Presentation on theme: "20 th Century America How World War I contributed to American thought, culture, politics, and literature Part 1 - WWI."— Presentation transcript:
20 th Century America How World War I contributed to American thought, culture, politics, and literature Part 1 - WWI
About WWI Causes of WWI, pt. 1 Treaty Alliance System: Political maneuvers sought encirclement and protection from the imperialistic aspirations of neighboring nations. The assassination of Archduke Franz Ferdinand encouraged domino-effect declarations of war by nations across first Europe and then the world. Imperialism: Many nations sought to increase their territory and national wealth. Britain and France’s colonial acquisitions prompted Germany to scramble into forging colonies in Africa.
About WWI Causes of WWI, pt. 2 Militarism: Ruling entities in Britain, France, and Germany engaged in an arms race as military exploits were seen as a central focus for each government. Invasion plans and strategies were drawn up by many governments. Nationalism: Many nations desired independence from ruling authorities, particularly Serbia and other Balkan principalities from Austria-Hungary. Others, including the Italians and Germans, desired unification after being left as separate states at the conclusion of the Congress of Vienna.
Weapons of War Bayonet - a blade that is attached to the barrel of a rifle for use in close combat The bayonet, an outdated weapon in offensive warfare, was seen as symbolic of a warrior mentality. Bayonets continued to be issued to personnel in the Second World War.
Weapons of War Flamethrower – spreads fire by launching fuel Initially used by the Germans in short range trench warfare against the British and French, flamethrowers were later adopted by both the British and French armies. Not effective at distance or in covering large areas, the flamethrower was a short-range trench-clearer.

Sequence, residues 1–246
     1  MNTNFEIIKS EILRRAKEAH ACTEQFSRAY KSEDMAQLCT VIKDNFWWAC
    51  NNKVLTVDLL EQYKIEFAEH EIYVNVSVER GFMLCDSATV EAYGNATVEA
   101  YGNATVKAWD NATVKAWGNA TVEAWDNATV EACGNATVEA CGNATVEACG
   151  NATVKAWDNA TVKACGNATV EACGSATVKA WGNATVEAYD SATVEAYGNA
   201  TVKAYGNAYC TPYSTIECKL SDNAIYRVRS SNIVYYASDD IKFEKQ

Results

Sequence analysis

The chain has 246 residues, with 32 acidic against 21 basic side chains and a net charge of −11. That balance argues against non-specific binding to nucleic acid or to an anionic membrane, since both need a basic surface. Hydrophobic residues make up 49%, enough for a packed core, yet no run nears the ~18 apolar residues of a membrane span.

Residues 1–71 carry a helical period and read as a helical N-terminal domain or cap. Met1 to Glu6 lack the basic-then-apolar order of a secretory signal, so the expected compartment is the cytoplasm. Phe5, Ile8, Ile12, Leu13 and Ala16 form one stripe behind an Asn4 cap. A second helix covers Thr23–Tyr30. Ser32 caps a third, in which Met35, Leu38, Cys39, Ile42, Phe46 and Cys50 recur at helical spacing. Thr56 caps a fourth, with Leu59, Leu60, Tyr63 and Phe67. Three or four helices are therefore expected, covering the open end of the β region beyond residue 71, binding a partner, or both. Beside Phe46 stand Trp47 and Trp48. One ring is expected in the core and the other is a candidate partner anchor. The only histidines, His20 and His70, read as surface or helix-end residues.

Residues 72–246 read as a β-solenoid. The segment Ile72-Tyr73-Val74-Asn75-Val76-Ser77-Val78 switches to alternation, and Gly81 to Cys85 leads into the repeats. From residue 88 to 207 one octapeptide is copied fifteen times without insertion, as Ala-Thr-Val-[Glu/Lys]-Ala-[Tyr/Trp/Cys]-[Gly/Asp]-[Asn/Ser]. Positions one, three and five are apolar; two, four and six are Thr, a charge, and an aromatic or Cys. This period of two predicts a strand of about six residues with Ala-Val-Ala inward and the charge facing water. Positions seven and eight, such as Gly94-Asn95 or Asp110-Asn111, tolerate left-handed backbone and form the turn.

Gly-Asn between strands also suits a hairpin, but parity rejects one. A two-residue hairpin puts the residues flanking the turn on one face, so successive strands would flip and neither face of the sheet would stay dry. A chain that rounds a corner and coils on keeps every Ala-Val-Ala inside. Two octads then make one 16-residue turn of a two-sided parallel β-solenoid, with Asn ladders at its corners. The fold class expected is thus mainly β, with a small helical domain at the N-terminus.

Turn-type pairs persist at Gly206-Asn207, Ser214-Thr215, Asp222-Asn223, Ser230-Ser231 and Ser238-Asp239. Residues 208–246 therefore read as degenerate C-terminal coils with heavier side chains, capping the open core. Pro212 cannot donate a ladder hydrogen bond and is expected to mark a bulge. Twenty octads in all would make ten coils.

Weapons of War Grenade – an explosive, either hand or rifle-driven with detonation triggered by either impact or a timer. Grenades were essential to trench warfare in World War I – and date back in some form to the 15 th century. Grenades are still in use today in modern combat.
Weapons of War Machine Gun – often tripod-mounted, the gun produced a rapid-fire succession of bullets (estimated between 400 rounds/min in 1914 and up to 1200 rounds/min by the end of the war) Machine guns were typically used to maintain defensive positions. In this era, the machine gun was too heavy to be portable, and thus was not often used as an offensive weapon.
Weapons of War Trench mortars – a short tube that fires a projectile (explosive) at a steep angle so that it falls directly on an enemy. Trench mortars could be fired from the relative safety of inside the trench.
Weapons of War Tank – an armored car driven on a caterpillar track, often with mounted machine guns, & later with large artillery guns Tanks didn’t figure into WWI until 1916, but by the end of the war were an important means to cross trenches and advance infantry in a more protected manner. The British and French built over 7000 tanks combined. Germany, having not foreseen the tank’s potential, only produced 20.
Weapons of War Poison Gas – a variety of airborne chemicals, sometimes released from canisters, sometimes by means of artillery shell. Poison Gas – tear gas, mustard gas, chlorine, etc. – had a variety of effects. Some effects were deadly, all were unpleasant. Poison gas attacks were used in anti- German propaganda (though the French were the first to use gas attacks in 1914). Walls of gas could be used to disable or clear trench areas.
Weapons of War Rifles, Pistols, etc. The General Change in Philosophy – Although war has always involved some amount of killing, the Great War brought about a philosophical shift. No longer would battles be carried out primarily in a man-against-man or man-against-fortress fashion. The means of bringing about an enemy’s death expeditiously was at a premium, especially when it involved a minimal human cost from one’s own ranks.